b. If the casualty is lying on the ground in a supine (on his back) position, place
his arms at his side and proceed to establish an open airway.
c. If the casualty is lying on solid ground in a prone (on his chest) position, turn
him onto his back using the procedures given below. These procedures allow the
casualty to be turned as a unit. Turning the casualty as a unit minimizes the likelihood
that existing injuries will be aggravated, and also minimizes the chances that the head
or neck will be injured during the turning. It is especially important to use these
procedures if you suspect that the casualty has a spinal injury.
Straighten the casualty's legs.
(2) Kneel beside the casualty. Your knees should be near his chest area,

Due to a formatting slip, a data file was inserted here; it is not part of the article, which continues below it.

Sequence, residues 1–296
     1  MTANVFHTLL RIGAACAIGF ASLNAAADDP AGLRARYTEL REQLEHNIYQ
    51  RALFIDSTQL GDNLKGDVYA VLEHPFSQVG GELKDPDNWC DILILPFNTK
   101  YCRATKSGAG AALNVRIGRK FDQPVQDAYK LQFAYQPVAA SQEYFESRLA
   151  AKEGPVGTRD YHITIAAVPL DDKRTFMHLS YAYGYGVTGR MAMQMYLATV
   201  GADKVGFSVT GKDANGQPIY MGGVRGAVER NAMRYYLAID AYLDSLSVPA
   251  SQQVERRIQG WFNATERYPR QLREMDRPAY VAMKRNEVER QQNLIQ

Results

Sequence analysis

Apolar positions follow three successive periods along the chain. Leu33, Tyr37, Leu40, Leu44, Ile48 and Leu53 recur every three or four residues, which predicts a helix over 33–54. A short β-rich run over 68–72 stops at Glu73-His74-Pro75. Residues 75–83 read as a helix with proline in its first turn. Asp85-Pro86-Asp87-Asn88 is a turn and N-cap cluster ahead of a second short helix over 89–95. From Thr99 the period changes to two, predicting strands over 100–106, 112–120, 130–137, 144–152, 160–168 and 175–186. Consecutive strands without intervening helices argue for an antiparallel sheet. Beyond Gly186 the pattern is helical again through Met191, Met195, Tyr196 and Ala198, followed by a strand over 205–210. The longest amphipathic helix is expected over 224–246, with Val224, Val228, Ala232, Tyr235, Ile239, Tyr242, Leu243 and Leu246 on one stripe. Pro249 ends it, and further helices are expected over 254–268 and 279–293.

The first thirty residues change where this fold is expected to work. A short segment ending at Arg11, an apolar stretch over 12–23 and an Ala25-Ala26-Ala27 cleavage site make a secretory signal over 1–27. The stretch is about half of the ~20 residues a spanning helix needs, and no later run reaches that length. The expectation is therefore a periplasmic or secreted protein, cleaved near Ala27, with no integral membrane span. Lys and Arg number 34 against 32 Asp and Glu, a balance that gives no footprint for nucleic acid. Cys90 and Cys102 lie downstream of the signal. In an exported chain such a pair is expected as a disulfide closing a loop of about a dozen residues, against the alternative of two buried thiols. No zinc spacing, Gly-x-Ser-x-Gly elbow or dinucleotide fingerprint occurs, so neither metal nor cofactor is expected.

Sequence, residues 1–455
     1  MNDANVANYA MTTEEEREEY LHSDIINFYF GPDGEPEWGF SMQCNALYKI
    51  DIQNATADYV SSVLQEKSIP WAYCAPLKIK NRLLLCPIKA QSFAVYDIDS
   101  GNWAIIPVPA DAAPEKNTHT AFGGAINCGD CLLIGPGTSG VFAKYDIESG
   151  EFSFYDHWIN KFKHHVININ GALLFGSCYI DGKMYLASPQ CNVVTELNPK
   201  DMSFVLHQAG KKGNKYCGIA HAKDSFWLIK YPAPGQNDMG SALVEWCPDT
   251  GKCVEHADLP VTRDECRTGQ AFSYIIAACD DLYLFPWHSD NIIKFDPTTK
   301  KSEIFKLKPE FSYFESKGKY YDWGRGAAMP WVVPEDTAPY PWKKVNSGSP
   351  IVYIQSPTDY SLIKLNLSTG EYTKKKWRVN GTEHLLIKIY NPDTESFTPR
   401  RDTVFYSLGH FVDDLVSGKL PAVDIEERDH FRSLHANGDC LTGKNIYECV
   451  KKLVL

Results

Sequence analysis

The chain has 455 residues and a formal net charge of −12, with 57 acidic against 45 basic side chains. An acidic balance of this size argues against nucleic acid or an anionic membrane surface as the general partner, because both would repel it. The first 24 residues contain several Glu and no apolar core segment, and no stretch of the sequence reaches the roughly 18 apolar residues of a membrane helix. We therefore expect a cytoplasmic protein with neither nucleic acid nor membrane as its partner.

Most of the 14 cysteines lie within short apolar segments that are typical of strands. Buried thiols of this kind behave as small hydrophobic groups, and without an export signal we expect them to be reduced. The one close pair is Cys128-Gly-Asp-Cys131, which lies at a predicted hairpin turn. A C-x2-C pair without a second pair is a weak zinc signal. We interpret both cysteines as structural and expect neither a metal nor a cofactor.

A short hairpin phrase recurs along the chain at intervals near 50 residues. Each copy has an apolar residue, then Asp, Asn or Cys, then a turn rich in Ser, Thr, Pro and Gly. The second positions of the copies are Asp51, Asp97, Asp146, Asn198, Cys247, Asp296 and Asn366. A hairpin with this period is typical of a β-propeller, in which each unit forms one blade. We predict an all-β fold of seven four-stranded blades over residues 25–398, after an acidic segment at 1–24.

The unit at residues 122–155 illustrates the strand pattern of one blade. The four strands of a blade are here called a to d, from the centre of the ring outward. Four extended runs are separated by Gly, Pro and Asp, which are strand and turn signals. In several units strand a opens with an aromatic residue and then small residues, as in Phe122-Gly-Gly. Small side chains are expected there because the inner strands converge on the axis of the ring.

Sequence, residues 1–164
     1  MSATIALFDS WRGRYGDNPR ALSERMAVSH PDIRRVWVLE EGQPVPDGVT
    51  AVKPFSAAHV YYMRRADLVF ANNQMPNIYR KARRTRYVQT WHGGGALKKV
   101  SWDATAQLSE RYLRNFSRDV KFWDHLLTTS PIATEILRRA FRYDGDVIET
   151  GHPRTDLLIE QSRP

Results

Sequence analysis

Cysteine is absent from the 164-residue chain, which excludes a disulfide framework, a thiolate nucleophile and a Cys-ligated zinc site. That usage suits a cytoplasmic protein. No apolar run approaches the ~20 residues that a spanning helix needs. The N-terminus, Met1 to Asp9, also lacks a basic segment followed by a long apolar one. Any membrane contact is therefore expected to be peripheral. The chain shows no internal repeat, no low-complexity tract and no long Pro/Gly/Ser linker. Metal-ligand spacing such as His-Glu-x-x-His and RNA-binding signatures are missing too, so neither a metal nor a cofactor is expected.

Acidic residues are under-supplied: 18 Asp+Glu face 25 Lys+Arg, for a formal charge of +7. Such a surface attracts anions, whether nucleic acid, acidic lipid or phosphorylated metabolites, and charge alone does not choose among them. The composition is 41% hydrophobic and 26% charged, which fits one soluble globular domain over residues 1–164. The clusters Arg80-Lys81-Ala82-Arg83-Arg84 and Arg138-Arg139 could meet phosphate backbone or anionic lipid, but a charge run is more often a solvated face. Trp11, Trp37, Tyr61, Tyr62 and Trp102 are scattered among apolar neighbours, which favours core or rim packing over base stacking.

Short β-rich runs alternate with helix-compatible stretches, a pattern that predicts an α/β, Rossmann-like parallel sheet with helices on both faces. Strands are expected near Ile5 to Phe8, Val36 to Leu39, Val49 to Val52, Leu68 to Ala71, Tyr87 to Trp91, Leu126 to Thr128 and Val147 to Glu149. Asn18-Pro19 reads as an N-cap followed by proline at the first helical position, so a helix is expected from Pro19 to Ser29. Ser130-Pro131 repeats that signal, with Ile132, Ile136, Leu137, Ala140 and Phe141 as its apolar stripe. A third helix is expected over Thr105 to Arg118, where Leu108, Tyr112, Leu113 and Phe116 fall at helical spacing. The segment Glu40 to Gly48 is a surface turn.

but there should be enough space between you and the casualty for you to roll him onto
(3) Take one of the casualty's arms and move it so that the arm is straight
and above his head. Then move his other arm so that it is also straight and above his
(4) Support the casualty's head and neck by placing your hand that is
nearest his head on the back of his head (figure 3-1A).
(5) With your other hand, reach across the casualty's back and grasp the
casualty's uniform under his far arm.
(6) Pull on the casualty's uniform and roll the casualty toward you (figure
3-1B). Use a steady and even pull so that the casualty's head and neck stay in line with
his back. (If you have a person to assist you, have the person to help roll the casualty's
hips and legs.)
(7) Once the casualty is lying flat on his back, return the casualty's arms to
his side (figure 3-1C). If his legs are crossed, uncross them.